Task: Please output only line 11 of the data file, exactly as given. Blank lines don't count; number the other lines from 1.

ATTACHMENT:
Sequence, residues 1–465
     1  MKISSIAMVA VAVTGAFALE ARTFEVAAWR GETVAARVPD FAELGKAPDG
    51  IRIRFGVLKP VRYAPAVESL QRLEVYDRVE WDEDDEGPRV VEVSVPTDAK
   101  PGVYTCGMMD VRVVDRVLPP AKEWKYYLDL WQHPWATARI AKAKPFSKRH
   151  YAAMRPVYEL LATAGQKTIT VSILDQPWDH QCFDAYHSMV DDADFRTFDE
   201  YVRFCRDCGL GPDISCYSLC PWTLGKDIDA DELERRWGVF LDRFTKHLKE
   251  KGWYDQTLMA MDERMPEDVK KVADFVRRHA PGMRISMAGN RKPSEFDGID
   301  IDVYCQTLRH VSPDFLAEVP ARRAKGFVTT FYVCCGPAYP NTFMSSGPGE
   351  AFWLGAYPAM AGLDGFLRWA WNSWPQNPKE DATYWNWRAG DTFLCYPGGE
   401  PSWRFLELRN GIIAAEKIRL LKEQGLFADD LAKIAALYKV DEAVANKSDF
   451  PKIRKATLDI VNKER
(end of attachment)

   451  PKIRKATLDI VNKER